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Cablegate: Turkey's Electricity Exports to Iraq - Regulatory

This record is a partial extract of the original cable. The full text of the original cable is not available.





E.O. 12958: N/A

B. ANKARA 3263
C. ANKARA 1003
D. 04 ANKARA 6195


1. (SBU) SUMMARY: The U.S., Turkish, and Iraqi Governments
share the goal of increasing exports from Turkey to Iraq.
Turkey's Kartet Company currently exports 200 MW and seeks to
increase in two steps: 1) to 350 MW, generally using existing
capacity, and 2) to 1200 MW, asserting that it has the sole
contract with the ITG MOE to put this in place with new
investment. Embassy has played a facilitating role in
assisting Kartet to overcome numerous obstacles. At the same
time, we need to be sensitive to energy regulator EMRA's
independence as Turkey aims to liberalize and improve its
investment environment, in line with its economic reform
program. EMRA is willing to license Kartet's first proposed
increase, but argues for a competitive tender for allocation
of Turkey's transmission capacity for the larger proposed
increase. Such a tender would ensure a level playing field
among companies given the interest of a number of reputable
Turkish firms. Kartet may not be the sole solution to the
Iraq electricity challenge. End Summary.

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Let's Make the Deal Happen

2. (SBU) From the original idea in 2003 to date, the GOT
MENR (Ministry of Energy) has strongly supported Kartet
Company's (Karadeniz Toptan Elektrik Ticaret A.S.) project to
export electricity to Northern Iraq (Reftels). The need to
increase exports from the current 200 MW has been reaffirmed
by the Turkish and Iraqi Governments. An MFA contact told
EnergyOff that the MFA has strongly supported the increase
for strategic reasons. Embassy has closely followed the
issue, particularly since there was a temporary stoppage last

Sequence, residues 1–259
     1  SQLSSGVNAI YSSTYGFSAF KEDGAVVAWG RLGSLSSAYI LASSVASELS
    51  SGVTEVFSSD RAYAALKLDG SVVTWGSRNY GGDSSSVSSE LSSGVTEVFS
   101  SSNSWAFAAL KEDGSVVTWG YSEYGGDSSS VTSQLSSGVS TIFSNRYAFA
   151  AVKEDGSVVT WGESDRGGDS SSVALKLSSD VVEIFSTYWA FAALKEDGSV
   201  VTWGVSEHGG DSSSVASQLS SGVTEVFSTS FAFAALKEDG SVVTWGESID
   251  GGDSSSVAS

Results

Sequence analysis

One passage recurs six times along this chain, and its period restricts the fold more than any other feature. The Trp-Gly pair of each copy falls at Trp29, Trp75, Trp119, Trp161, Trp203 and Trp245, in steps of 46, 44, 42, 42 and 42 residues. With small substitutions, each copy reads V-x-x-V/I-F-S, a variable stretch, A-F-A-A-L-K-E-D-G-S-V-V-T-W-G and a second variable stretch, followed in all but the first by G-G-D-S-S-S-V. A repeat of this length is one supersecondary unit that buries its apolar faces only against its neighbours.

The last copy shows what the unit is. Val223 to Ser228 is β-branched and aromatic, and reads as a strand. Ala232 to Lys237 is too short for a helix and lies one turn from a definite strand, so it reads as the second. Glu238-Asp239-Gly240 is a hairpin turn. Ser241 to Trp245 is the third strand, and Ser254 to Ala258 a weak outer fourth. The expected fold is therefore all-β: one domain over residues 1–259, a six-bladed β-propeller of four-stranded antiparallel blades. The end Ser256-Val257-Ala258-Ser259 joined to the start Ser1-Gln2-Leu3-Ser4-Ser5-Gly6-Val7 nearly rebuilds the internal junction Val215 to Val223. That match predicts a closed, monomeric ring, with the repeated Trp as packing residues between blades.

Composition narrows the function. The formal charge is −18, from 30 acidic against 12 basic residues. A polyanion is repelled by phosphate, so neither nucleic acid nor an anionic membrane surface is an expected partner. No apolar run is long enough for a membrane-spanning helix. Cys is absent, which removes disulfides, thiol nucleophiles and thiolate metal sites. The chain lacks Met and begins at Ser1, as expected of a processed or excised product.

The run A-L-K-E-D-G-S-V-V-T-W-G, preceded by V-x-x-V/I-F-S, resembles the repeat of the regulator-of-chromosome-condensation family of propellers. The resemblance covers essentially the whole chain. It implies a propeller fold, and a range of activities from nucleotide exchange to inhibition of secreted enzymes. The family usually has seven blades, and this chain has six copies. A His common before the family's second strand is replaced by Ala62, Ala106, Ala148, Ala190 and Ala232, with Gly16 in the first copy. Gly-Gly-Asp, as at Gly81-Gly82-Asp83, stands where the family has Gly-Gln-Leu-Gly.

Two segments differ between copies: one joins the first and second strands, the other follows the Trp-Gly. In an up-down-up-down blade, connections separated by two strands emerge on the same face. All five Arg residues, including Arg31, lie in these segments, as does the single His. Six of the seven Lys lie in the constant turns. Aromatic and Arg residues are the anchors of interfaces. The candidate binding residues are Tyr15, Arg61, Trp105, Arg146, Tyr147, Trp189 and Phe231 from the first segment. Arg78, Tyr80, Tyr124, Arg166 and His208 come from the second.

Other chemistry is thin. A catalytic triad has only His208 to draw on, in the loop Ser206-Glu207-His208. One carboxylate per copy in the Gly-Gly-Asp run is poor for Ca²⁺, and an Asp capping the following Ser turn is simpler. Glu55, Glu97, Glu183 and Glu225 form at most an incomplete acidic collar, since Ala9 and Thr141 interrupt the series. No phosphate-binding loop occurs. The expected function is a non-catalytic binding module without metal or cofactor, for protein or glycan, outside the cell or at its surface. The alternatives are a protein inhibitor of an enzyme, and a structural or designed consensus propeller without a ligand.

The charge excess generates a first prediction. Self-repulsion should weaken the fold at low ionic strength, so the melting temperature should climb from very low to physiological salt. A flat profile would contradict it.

October (Ref D), because the contractual heavy fuel oil (in
partial payment) from Iraq had never been delivered from Iraq
(due to security and financial problems). Kartet has
scrambled to acquire (more expensive) fuel oil from Turkish
refineries and electricity from the Turkish grid. Embassy
has heard claims in the press and in the industry, that
Kartet may have engaged in a "special deal" with MENR. The
Energy Regulatory Authority (EMRA), itself engaged in a
bureaucratic turf battle with the GOT to maintain its
independence, has claimed that Kartet had illegally acquired
electricity from the grid. In March 2005, GOT and EMRA
passed legislation and implemented regulation meant to
clarify and facilitate exports of electricity.

3. (SBU) Kartet's Orhan Karadeniz told EnergyOff on July 19
that in his view EMRA was the biggest obstacle to increasing
exports. He said that for the first time Kartet had been
able to acquire some some fuel oil in Iraq (6,000 tons,
versus the contractual 30,000 tons/month). Karadeniz was
also optimistic that the issue of a bank guarantee for the
first year of the take or pay contract from Iraq would be
solvable (Kartet's condition for putting in place incremental
investment for the larger deal, potentially including the
Iraq portion). He thanked Embassy for facilitating contact
with U.S. OPIC and EXIM; he was optimistic about OPIC, but
noted that EXIM only provided 180-day credit for Iraq.
Acquisition of fuel oil in Iraq (related to security and
administrative issues within Iraq), keeping the ITG MOE
focused on implementing the contract, and financing of
investment in Iraq remain obtacles to increasing exports. In
a conversation July 26 with econ specialist, Karadeniz
reported that the Iraqis had started repair and maintenance